U.S. States' Financial Woes Aren't the Next Greece, Samson Capital Says
U.S. states and municipalities struggling with mounting budget deficits “are not in the same precarious financial condition as Greece,” Samson Capital Advisors said.
The cost of protecting U.S. municipal bonds surged this year as investors bought insurance on U.S. state obligations after global stocks tumbled and Europe’s debt crisis worsened. New Jersey Governor Chris Christie told members of the Manhattan Institute on May 25 that the state is “careening our way toward becoming Greece.” Even so, states aren’t on the verge of default and such comparisons distract from more serious issues, Samson Capital said in a July 8 report.
“The statement that any U.S. state is the next Greece, meaning a near default on their bonds, is not based on fact,” said Judy Wesalo Temel, a principal and director of credit research at Samson, which manages $7 billion. “Comparing the Greek debt crisis to state and local governments is not valid and is distracting from the real concerns about budgets.”
The median debt to gross domestic product of U.S. states is 2 percent, compared with Greece’s 113 percent, according to last week’s report by Samson Capital, a New York-based fixed income investment manager.
Equating Illinois, whose deteriorating financial position left it with about $4.7 billion in unpaid bills at the end of June, with the Mediterranean nation is “ridiculous,” Governor Pat Quinn said as the state prepared to sell $900 million in Build America bonds this week.
“Those who are investing in the market they know our bonds have always been repaid,” Quinn said in an interview. “We have provisions in our constitution that are very protective of those who purchase bonds. I have the power to step in and make sure all bondholders are fully paid.”
Financial credit-default swaps approached a record high in Europe last month amid concern that Greece, Portugal and Spain may be forced to restructure debt to narrow budget deficits that are more than three times the European Union limit.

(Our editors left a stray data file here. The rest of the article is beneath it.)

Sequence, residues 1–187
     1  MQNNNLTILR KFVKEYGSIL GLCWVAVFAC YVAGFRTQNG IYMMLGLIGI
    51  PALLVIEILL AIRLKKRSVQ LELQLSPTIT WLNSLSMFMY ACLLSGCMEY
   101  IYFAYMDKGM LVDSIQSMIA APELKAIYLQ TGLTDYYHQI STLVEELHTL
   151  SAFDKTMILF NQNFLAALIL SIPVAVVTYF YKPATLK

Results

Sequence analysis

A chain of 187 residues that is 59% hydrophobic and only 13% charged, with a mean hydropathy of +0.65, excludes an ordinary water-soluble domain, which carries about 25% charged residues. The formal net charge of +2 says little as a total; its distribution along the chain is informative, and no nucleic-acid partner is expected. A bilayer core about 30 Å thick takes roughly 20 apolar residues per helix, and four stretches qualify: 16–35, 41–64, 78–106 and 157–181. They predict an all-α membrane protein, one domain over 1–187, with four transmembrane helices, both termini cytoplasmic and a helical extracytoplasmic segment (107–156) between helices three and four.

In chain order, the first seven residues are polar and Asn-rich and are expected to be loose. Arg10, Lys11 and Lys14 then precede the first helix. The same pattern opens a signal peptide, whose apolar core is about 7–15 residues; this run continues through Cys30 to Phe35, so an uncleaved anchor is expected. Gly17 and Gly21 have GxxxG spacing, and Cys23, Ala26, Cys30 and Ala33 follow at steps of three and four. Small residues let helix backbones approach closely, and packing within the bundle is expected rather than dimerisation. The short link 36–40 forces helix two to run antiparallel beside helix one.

The ability to balance operating budgets, rather than service debt, is the biggest difficulty states confront, Temel said. As tax revenue continues to fall in most states in the recession’s wake, they face greater political conflict and will have to tap funding from programs including education, health and transportation to help fund pension expenditures.
The median debt service as a percentage of state expenditures is 3 percent, “a fraction of Greece’s debt burden,” according to the report, while state pension contributions were “relatively small” at 2.9 percent in 2008.
Illinois “has done little to solve a significant budget gap and has the worst underfunded pension problem” and California “remains challenged,” Temel said. Texas, Colorado, Maryland and Virginia “remain stronger and better managed.”
“We understand we have major fiscal challenges,” Quinn said July 10 in an interview at the National Governors Association meeting in Boston. “Our economy is growing and we want to keep building on that growing economy to get the state budget back in order.”
Illinois shares an A1 debt rating from Moody’s Investors Service with California, the lowest among U.S. states. Illinois ended fiscal 2010 in “the worst fiscal position in its history” and its backlog of unpaid bills and fund transfers rose from $2.8 billion a year earlier, State Comptroller Dan Hynes said in a quarterly report.
State budget deficits will reach a record $140 billion in fiscal 2011, which for most states began July 1, the Center on Budget and Policy Priorities, a Washington-based research group, said in a June report.
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